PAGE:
The North Sydney Symphony Orchestra continues its 2012 series with a programme of orchestral music grounded in northern Europe.
The concert opens with Rimsky-Korsakov’s Capriccio Espagnole, Koussevitsky’s Concerto for Double Bass and the Symphony No.2 by Jean Sibelius.
Steven Hillinger will conduct the orchestra which is joined by Double Bassist Kees Boersma who comments:
“My last association with the NSSO, was a performance of Graham Howard’s Bass Concerto, written in 2007 – a very enjoyable experience for me! So it’s a great pleasure to be able to join the orchestra again on this occasion – the level of enthusiasm that I experienced on my last visit is something that any soloist values tremendously. It will also be a joy to again work with Steven Hillinger, whose conducting and leadership is such an important part of the NSSO.
Orchestras such as the NSSO play an extremely important role in our community – it’s a wonderful opportunity for local musicians who would otherwise rarely have the chance to perform in an orchestral setting, as well as providing regular performances of great symphonic works outside of the regular ‘big city’ venues.
For me, it’s just great to have the chance to let the Double Bass be heard as a solo instrument!”
Russian composer Rimsky-Korsakov’s Capriccio Espagnol opus 34, is the curious Italian-French title for this orchestral work based on Spanish folk melodies. Composed in 1887, it was intended to be for violin and orchestra, but the composer changed his mind and wrote it sans the solo violin. The work’s Russian title, Capriccio on Spanish Themes describes the work more accurately. It has 5 movements: Alborada, Variazioni, Alborada, Scena e canto gitano and Fandango Asturiano.
Serge Koussevitsky’s fame derives mostly from his tenure as Music Director of the Boston Symphony Orchestra from 1924 to 1949. However, this Russian born impresario was also a conductor, composer and double bassist. He composed his Concerto for Double Bass in 1902, with the help of his compatriot composer Reinhold Gliere. Koussevitsky himself premiered the work in 1905.
Finnish composer Jean Sibelius sketched the idea for his second symphony whilst on a trip to Florence and Rapallo in Italy. It was completed back in Finland in 1902, the same year that Koussevitsky wrote his Double Bass Concert. Written in D, Sibelius’ second symphony is said to be modern and optimistic, with intensely Nationalistic themes. It was a time of Russian sanctions on Finnish language and culture and the symphony acquired the nickname The Symphony of Independence, although it is thought that Sibelius wanted this work to have a broader meaning beyond the borders of Finland.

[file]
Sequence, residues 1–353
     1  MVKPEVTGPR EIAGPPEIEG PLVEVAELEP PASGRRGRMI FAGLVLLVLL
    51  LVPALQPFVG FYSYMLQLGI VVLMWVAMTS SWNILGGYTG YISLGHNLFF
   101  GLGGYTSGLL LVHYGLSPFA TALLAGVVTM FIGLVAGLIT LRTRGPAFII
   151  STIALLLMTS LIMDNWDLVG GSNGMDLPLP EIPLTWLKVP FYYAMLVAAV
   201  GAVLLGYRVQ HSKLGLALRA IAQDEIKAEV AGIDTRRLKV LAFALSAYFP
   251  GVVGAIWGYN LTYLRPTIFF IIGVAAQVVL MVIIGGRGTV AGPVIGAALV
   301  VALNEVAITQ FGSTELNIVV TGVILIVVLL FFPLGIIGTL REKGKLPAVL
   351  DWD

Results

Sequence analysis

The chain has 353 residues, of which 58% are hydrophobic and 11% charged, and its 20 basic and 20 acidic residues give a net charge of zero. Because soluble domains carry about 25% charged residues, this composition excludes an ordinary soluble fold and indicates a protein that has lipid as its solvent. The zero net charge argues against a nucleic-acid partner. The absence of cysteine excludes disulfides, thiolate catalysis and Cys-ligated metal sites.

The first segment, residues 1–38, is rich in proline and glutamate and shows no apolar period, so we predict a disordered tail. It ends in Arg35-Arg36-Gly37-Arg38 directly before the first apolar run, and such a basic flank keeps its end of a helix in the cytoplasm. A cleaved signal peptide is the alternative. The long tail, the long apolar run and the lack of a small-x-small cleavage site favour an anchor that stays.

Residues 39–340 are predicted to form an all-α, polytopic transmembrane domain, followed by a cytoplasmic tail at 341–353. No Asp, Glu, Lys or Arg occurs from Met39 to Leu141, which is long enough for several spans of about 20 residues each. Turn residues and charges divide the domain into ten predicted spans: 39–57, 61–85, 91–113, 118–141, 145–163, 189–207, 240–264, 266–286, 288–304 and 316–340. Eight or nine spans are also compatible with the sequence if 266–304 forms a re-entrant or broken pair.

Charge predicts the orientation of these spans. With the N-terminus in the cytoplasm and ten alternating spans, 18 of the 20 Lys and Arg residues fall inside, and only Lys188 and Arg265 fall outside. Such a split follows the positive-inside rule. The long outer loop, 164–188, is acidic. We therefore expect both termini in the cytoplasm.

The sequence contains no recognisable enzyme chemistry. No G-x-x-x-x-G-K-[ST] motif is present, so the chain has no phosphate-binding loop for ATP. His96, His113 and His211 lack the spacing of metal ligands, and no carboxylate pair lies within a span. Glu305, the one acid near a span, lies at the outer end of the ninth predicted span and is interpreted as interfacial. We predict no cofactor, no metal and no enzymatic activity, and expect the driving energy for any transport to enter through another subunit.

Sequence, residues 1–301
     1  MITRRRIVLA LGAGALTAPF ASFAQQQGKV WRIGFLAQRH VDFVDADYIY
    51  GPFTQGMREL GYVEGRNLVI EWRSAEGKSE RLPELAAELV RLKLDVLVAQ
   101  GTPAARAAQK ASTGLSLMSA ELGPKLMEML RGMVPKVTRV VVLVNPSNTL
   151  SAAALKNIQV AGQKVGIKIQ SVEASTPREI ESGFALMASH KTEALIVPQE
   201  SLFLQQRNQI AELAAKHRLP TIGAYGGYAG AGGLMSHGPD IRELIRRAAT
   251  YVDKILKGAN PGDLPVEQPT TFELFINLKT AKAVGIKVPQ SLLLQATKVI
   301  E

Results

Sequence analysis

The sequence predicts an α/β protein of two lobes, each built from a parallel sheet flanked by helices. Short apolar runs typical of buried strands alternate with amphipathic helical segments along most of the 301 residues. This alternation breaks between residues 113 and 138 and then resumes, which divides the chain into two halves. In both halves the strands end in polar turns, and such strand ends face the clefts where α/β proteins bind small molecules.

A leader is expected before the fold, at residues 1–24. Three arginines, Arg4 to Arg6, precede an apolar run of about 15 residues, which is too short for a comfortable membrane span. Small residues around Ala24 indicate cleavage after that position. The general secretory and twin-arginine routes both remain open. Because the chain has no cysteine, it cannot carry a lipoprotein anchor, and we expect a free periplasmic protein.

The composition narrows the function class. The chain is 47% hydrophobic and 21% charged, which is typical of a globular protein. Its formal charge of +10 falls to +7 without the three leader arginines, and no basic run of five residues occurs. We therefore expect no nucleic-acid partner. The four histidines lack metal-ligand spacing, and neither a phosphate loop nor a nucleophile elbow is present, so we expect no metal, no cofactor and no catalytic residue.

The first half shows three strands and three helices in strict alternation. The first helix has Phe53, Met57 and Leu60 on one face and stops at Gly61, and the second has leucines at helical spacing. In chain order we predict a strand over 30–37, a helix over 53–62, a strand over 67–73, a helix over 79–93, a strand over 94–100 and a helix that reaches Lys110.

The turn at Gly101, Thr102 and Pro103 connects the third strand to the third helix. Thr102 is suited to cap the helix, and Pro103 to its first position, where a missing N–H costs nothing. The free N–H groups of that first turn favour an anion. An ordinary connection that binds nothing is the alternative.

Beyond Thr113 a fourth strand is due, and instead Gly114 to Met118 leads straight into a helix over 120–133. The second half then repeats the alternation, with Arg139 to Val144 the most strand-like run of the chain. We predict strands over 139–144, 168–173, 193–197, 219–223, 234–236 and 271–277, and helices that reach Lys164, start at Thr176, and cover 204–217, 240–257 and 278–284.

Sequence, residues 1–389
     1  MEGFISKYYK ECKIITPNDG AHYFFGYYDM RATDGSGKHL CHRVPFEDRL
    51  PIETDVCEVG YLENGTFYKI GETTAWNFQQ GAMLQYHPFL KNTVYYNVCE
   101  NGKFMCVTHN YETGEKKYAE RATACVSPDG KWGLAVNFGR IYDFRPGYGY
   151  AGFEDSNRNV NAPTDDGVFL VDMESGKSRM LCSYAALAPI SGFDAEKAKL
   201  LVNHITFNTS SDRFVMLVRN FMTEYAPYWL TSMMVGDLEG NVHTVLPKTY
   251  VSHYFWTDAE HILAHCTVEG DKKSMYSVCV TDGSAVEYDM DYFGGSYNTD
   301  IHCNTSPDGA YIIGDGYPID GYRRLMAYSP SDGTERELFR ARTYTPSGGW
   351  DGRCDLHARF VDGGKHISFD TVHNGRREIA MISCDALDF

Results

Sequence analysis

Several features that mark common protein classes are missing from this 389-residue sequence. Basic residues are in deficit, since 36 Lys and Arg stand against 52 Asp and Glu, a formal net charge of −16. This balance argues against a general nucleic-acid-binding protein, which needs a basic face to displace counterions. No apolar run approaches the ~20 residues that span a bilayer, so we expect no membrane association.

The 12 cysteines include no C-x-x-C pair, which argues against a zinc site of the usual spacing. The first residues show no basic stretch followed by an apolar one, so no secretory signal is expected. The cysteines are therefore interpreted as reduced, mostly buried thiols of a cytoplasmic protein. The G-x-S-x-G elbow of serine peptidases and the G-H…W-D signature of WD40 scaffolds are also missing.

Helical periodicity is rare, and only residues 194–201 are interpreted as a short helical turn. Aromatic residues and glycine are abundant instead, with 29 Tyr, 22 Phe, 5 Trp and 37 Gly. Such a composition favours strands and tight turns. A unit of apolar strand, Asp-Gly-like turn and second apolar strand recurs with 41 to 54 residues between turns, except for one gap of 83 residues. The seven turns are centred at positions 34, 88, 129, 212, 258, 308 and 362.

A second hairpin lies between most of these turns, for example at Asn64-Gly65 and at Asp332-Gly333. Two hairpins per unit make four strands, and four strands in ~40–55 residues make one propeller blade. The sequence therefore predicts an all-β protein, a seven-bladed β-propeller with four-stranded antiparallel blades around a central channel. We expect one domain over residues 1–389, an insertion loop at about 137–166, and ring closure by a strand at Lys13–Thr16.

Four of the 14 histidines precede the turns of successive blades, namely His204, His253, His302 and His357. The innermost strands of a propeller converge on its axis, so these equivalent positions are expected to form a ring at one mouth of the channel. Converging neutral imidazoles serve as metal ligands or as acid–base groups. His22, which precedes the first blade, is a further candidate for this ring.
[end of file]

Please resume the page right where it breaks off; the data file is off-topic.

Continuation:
Steven Hillinger graduated with a Bachelor of Music degree from the Sydney Conservatorium of Music studying French Horn with Anthony Buddle and received the Richard Merewether Memorial Scholarship for French Horn in 1991. Steven has performed with orchestras including the Australian Chamber Orchestra, The Australian Opera and Ballet Orchestra and the Sydney Philharmonia Orchestra. Steven also holds a Graduate Diploma in Conducting from the Sydney Conservatorium, studying with Henryk Pisarek. He followed this with a Master of Music, graduating in 1997, with John Hopkins as his teacher. In 1993 and 1994 Steven was awarded the Alan Bellhouse Memorial Scholarship for Conducting.
Kees Boersma is Principal Double Bass with the Sydney Symphony Orchestra. He performs regularly with the Sydney Soloists and the Australia Ensemble and was for 10 years a member of the contemporary music group ELISION.
After graduating from the Victorian College of the Arts, Kees undertook post-graduate studies at the Sweelinck Conservatorium in Amsterdam, and performed for two years with the Royal Concertgebouw Orchestra Amsterdam under conductors such as Haitink, Dorati, Harnoncourt, Chailly and Giulini. Returning to Australia, Kees performed as Principal Bass with the State Orchestra of Victoria and the Australian Chamber Orchestra before joining the Sydney Symphony.
Kees tutors young musicians and lectures in Double Bass at the Sydney Conservatorium of Music. He has also performed as a soloist and guest Principal with ensembles which have included the Hong Kong Philharmonic Orchestra and the West Australian Symphony Orchestra and guest performer with period ensembles such as the Orchestra of the Age of Enlightenment, the Australian Brandenburg Orchestra and Pinchgut Opera.
The North Sydney Symphony Orchestra is 65 years young and is the the first orchestra to have been established on Sydney’s North Shore. It was founded in 1947 by the late Dr Alan Bellhouse M.A. who conducted it from its inaugural concert until shortly before his death in 1980. Dr Bellhouse was married to the legendary Dulcie Holland and their aim was to form an orchestra which would enable “student and amateur musicians to gain orchestral playing technique and experience and learn something of the huge repertoire of classical music.”
Tel: 1300 306 776
Adult $ 28.00 / Concession $23.00/ Student $15.00 / Child aged 12 or under $5.00